How to travel by motorhome in Scotland
Scotland, the country where I have lived for 10 years, is a perfect mix of medieval towns, castles and nature. It is the ideal place to consider a trip different from the typical one of going alone to the big cities.
I always wanted to travel by motorhome in Scotland and despite having been in this country for so many years, I never did.
As fate would have it, I have adopted a dog named Tía and it has been the perfect excuse to rent a motorhome and go out to explore part of Scotland.
Here I am going to give you tips on how to rent a motorhome in Scotland. I also want to talk to you about how I have managed not to spend so much money and a flexible itinerary that I really liked.
How to hire a campervan in Scotland
If you do an internet search on renting a motorhome in Scotland or renting a campervan in Scotland, you will get a thousand options.
I'm not telling you any secrets. What I have done is visit motorhome comparison websites to avoid walking from one side to another.
There are also websites that offer rentals directly with individuals, a kind of Airbnb but of campervans.
read the fine print
As with car rental there are always things that are not very clear and you have to read them twice.
- Sure. Look carefully if it is fully comprehensive or not.
- Mileage. There are daily limit options or you can walk as much as you want.
- Fuel. Do you have to return the full deposit? Should you pay for Addblue?
- Gas. See if it includes gas or not and what happens if you spend more.
- Return. Read the conditions in which you have to return, if they ask you to clean or not, etc.
- Battery. Some companies ask you to return the vehicle with a full battery.
Mountain and coast itinerary
My itinerary for this trip has been tentative because I wanted the freedom to stop and spend the night wherever I wanted at the time.
What I did was draw a route in broad strokes and see how I felt.
5 days of route
The itinerary covers a total of 5 days of travel with trips of approximately two to three and a half hours.
That is to say that you spend it resting more than driving.
The itinerary begins in Edinburgh covering the mountains and heading down the coast.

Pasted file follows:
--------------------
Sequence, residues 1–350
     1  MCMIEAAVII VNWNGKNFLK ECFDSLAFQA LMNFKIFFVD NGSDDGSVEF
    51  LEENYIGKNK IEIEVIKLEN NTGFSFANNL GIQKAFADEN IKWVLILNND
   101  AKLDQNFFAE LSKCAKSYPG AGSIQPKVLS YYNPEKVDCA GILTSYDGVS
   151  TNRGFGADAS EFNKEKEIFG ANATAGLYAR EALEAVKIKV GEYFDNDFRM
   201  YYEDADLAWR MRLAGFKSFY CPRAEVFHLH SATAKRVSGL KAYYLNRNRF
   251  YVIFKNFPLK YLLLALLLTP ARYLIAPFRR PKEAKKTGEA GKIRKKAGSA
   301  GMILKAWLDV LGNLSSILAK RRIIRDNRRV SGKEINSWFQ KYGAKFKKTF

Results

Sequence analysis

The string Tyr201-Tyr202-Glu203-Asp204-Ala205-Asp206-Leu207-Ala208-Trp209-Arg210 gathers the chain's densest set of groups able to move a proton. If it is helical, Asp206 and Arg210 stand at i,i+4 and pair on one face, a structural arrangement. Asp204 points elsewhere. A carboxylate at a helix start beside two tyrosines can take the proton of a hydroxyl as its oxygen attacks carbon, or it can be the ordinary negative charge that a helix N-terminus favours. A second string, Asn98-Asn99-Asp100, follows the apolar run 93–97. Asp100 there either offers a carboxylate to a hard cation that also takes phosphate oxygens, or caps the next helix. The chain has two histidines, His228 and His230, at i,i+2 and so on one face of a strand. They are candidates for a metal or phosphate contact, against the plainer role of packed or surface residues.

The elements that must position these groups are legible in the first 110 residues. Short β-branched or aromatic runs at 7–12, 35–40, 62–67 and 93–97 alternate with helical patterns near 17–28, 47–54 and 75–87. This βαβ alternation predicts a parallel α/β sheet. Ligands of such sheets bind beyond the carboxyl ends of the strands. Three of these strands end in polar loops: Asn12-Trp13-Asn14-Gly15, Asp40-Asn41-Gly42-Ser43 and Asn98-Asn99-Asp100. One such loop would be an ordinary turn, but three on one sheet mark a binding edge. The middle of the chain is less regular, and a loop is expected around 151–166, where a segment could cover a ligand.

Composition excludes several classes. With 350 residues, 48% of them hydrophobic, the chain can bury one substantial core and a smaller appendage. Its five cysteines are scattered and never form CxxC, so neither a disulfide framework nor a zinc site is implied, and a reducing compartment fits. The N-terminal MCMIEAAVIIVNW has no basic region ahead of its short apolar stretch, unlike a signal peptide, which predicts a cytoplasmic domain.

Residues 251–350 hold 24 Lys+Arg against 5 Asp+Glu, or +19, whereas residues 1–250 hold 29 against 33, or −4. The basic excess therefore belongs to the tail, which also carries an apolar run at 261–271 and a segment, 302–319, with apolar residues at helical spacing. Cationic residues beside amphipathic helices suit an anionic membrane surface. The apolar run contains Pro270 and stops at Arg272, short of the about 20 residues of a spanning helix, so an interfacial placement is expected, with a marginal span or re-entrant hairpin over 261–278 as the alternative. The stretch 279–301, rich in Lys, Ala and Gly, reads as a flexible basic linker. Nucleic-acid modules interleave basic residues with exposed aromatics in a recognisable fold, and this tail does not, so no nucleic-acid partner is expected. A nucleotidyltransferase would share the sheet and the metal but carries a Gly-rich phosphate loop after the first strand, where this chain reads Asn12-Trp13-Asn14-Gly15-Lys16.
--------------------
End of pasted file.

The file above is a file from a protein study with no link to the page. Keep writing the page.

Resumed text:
My proposed route
Get ouf of Edinburgh and set course for Dunkeld. Dunkeld is a beautiful place where few international tourists go and is the gateway to the Highlands.
Continue towards Pitlochry where you can have a coffee, see the town and find a place to camp nearby. I found a point in the middle of nowhere on a secondary road where nobody passed and it was only 7 kilometers from Pitlochry.
Leaving Pitlochry behind you can go visit Blair Atholl, its surroundings and the whiskey distillery there.
Then you continue to Aviemore where you must stop to take a thousand photos before continuing.
At this stage sores up to Inverness. You can find campsites in the same city or go a little outside.
Leaving Inverness you will cross the bridge to go a little further up to Chanonry Point. This site is very important because there you can see dolphins, as well as see the calm North Sea and the very beautiful lighthouse.
You will pass through the outskirts of Inverness again to go to Nairn Beach, one of the most beautiful beaches in Scotland.
From there you continue through Gardenstown in the North East of Scotland and then Fraserburgh.
My advice is to look for a quiet campsite in this area of the coast to spend the night.
Once on the coast, my advice is to be flexible and stop where the view advises you.
go down to Aberdeen where you do NOT have to go because it is a big but ugly place.
But my advice yes or yes is that you visit Dunnottar Castle and the town of Stonehaven with a very pretty port.
And here is the best advice of all. Go to the Fowlsheugh Nature Reserve. There are a total of three houses there, many birds, one of the most incredible views of this trip and a free parking lot where no one goes and you can spend the night.
Head down towards Edinburgh past Lunan Bay, one of the largest beaches in Scotland. Continue without stopping to visit charming coastal towns such as Arbroath or Carnoustie.
If you have time and desire you can visit Dundee He has a lot, a lot to do.
How to save money on the trip
Here are some tips that can help you spend less money on your trip to Scotland with a motorhome.
In Scotland you are free to camp anywhere. That is to say that if you bring your tent you can do camping almost wherever you want.
Almost the same thing happens with motorhomes. You can find many places to park and not tell you anything.
I have slept in front of the sea and in the middle of the mountains totally free.
If your campervan doesn't include a bathroom (which I really recommend) use Google Maps to tell you where there are public bathrooms. Scotland is full of public toilets and they are in good condition.
On your motorhome tour of Scotland, surely, like me, you will focus on small towns. But go to slightly larger cities where you can find supermarkets like Lidl or Aldi because they will save you a lot of money.
Things to keep in mind
Here are little things I've learned as a beginner traveling around Scotland by motorhome.
- Bathroom. If you can rent a motorhome with a bathroom, it's much better because it allows you to park anywhere.
- Camping. From time to time you will have to park to charge the battery of your accommodation. You will need it for the fridge and light.
- Be flexible. I didn't book anything before (keep in mind that it was low season) and that gave me wonderful freedom.
- Nature. Scotland is a country with a lot of nature so focus your attention on it and not just on towns and cities.
- Gas stations. Keep in mind that there are areas where it can be difficult to find them. Don't risk it.
Coat. Bring enough bedding to keep warm.